The Virial Theorem

 

The asymptotic average of the derivative of a bounded function is zero. (Intuitively, if you drive around your parking lot for a long time, your average velocity approaches zero, because as time elapses your net distance traveled does not increase.) Formally this can be expressed by noting that, for any constant k and function r(t) bounded such that |r(t2) - r(t1)| < k for all t1 and t2, the average of the derivative of r over the range from t1 to t2 is

 

 

The magnitude of the numerator is bounded whereas the time interval t2 – t1 in the denominator can be increased without limit, so the asymptotic average of dr/dt as the time interval increases is zero, i.e.,

 

 

If both r and dr/dt are bounded functions of t, then so is their product, and it follows from the product rule that

 

 

Now, if r denotes the spatial position of a particle of mass m, then mr” equals the net force F on the particle (by Newton’s second law), and m|r’|2 is twice the kinetic energy T of the particle.  Thus if we multiply through the above equation by m we get

 

 

Consequently for a set of N particles with bounded positions r1, r2, … rN, subject to the forces F1, F2, …, FN, and with total kinetic energy T we have

 

 

This general proposition is known as Clausius’s virial theorem, and it has important applications in a variety of fields ranging from statistical mechanics to astrophysics.

 

Suppose the forces on the particles are due entirely to mutual forces which the particles exert on each other. In such a case each Fi is the sum of the individual forces exerted on the ith particle by all the other particles. For example, with N = 4 particles, and letting fij denote the force exerted on the ith particle by the jth particle, we can write the virial theorem as

 

 

By Newton’s third law, we have fij = -fji, so the diagonally symmetrical terms can be matched in pairs, enabling us to re-write this in the form

 

 

If we further stipulate that the force exerted on the ith particle by the jth particle points along the line through the two particles and varies in proportion to some power of the radial distance, i.e., if the force is of the form

 

 

for some integer n and constant K (recalling that we defined fij as the force on the ith particle, and the vector ri - rj points toward the ith particle), then the potential energy of this bond is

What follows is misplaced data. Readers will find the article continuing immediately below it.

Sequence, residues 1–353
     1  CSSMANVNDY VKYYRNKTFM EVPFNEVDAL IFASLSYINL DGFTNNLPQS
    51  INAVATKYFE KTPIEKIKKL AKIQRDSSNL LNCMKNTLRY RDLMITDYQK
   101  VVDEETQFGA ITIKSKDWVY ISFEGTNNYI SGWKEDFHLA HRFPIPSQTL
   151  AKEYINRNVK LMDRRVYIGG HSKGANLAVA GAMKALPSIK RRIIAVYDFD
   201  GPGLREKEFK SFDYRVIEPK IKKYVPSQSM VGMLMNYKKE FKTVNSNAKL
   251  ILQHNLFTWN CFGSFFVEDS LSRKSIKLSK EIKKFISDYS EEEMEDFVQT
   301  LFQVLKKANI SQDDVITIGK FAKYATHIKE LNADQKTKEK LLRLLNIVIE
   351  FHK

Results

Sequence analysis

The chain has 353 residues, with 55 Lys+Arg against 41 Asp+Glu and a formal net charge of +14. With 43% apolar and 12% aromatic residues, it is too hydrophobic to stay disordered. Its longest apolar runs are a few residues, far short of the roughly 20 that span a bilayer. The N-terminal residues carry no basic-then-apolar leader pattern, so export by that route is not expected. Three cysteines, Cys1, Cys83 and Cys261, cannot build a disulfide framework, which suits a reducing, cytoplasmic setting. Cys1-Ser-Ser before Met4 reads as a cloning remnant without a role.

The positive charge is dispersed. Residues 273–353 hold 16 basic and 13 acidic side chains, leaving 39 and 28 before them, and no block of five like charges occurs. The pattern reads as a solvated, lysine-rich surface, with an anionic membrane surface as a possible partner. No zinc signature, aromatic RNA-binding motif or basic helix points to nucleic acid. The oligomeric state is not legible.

This can be confirmed by noting that

 

 

so the partial derivative of Vij with respect to Dx is

 

 

and similarly for the partials with respect to Dy and Dz, from which we have the force

 

 

Therefore, since the potential energy of the bond between the ith and jth particles is equal to [-1/(n+2)](ri - rj)∙fij, the quantity on the right hand side of equation (2) is -(n+2) times the average of the total potential energy V of the system of particles. Thus equation (2) can be expressed as

 

 

The exponent of Dr in the expression for the potential is n = n+2, so the above equation can also be written as

 

 

In the case of an inverse-square force, such as Newtonian gravity, we have n = -3 and n = -1, so the virial theorem gives the simple relation

 

 

In words, this signifies that for any bound system of particles interacting by means of an inverse-square force, the average (negative) potential energy is twice the average kinetic energy.

 

Kepler’s third law is essentially a special case of the virial theorem for gravitationally bound systems consisting of a small particle in circular orbit around a large massive body. Noting the kinematic relation a = v2/r for circular motion, the combination of Newton’s second law and the law of gravitation gives

 

 

Multiplying through by r, we have

 

 

The left side is twice the kinetic energy and the right side is the negative of the potential energy, so this expresses the virial theorem for an inverse-square force, and if we multiply through by r/m we get Kepler’s third law

 

 

where w = vr is the angular velocity of the orbiting particle. This relation can be used to determine the masses of astronomical bodies purely on the basis of the speed and radius of a satellite’s orbit.  For example, knowing the earth’s orbital velocity v and radius r, we can compute the mass of the Sun as M = v2r/G.